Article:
At least five people were killed and dozens injured across Ukrainian cities early Thursday in a barrage of missile and artillery strikes that appeared to back up President Volodymyr Zelenskyy's contention at the United Nations that Russia is a "terrorist state.''
Moscow's largest fusillade in more than a month came on a day when Zelenskyy was trying to rally support in Washington while losing the military assistance of neighboring Poland amid a growing trade dispute.
The widespread Russian attack killed five and wounded 10 in the southern Kherson province, regional governor Oleksandr Prokudin said, injured seven in Kyiv and wounded 11 in the central city of Cherkasy as damaged buildings that included a hotel turned into tons of rubble. Only Kherson among those stricken areas is near the front line.
Russia’s Ministry of Defense said it hit military targets with precision-guided missiles and drones, but at least six strikes in the northeastern city of Kharkiv impacted civilian infrastructure, regional Gov. Oleh Syniehubov said.
Marharyta Moldokova, 76, railed at Russian President Vladimir Putin after sheltering in her Kyiv home, where a window shattered.
“God, we can’t wait for someone to shoot him,” she said. “Everything is not enough for him. ... What does he need?”
∎ The White House announced a $325 million military assistance package for Ukraine that includes air defense munitions, cluster bombs and artillery ammunition. President Joe Biden also said the first U.S. Abrams tanks will arrive in Ukraine next week.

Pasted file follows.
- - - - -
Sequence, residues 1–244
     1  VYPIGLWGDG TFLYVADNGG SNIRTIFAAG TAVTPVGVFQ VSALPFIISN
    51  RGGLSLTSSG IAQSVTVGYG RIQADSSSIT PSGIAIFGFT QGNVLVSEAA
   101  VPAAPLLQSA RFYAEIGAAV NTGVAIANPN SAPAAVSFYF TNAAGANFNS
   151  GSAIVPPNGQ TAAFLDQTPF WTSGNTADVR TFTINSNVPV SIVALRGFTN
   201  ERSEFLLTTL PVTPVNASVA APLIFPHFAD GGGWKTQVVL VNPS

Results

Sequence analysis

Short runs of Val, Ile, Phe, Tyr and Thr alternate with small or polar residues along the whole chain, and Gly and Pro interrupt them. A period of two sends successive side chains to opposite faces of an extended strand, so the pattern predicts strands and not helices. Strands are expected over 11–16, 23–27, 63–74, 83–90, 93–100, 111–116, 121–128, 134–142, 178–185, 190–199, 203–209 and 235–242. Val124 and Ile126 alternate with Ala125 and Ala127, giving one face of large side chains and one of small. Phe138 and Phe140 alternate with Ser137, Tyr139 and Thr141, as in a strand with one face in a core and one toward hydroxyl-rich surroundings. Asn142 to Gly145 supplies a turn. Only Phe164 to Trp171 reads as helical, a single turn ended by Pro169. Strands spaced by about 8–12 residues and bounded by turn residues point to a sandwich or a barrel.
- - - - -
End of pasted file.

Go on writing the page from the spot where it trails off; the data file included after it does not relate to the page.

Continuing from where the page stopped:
∎ Charles Michel, president of the European Council of EU leaders, called for reforms to a United Nations “sclerotic and hobbled” decision-making system that has allowed Russia to remain a member of the Security Council with veto power despite invading Ukraine.
∎ Ukraine's new shipping corridor in the Black Sea can claim its first success as the Resilient Africa cargo ship, which left the Ukrainian port of Chornomorsk earlier in the week, arrived Thursday at Turkey's Bosphorus Strait with 3,000 tons of wheat. Ukraine has been seeking an efficient and safe export route since Russia pulled out of the Black Sea grain deal in mid-July.
∎ Russia said it fought off attacks from 22 drones overnight, 19 of them above Crimea.
∎ Belgium, which last week committed to training Ukrainian pilots on flying F-16s, said it would consider sending the war planes to Kyiv for fighting or training. So far, the Netherlands, Denmark and Norway have vowed to provide the jets.
Poland in tiff with Ukraine, says it won't supply weapons
Even as he tries to persuade Congress to approve the $24 billion in military and humanitarian aid for his country requested by Biden, Zelenskyy is encountering a significant problem closer to home.
Prime Minister Mateusz Morawiecki of Poland, a neighbor that has hosted millions of Ukrainian refugees and remained a steadfast ally since the war started, said late Wednesday that his nation will no longer send weapons to Ukraine.
Morawiecki said the reason is Poland's desire to modernize its military because of concerns about Russian aggression, but an escalating trade dispute and pressure from an opposing party in the upcoming election provide a backdrop for the decision.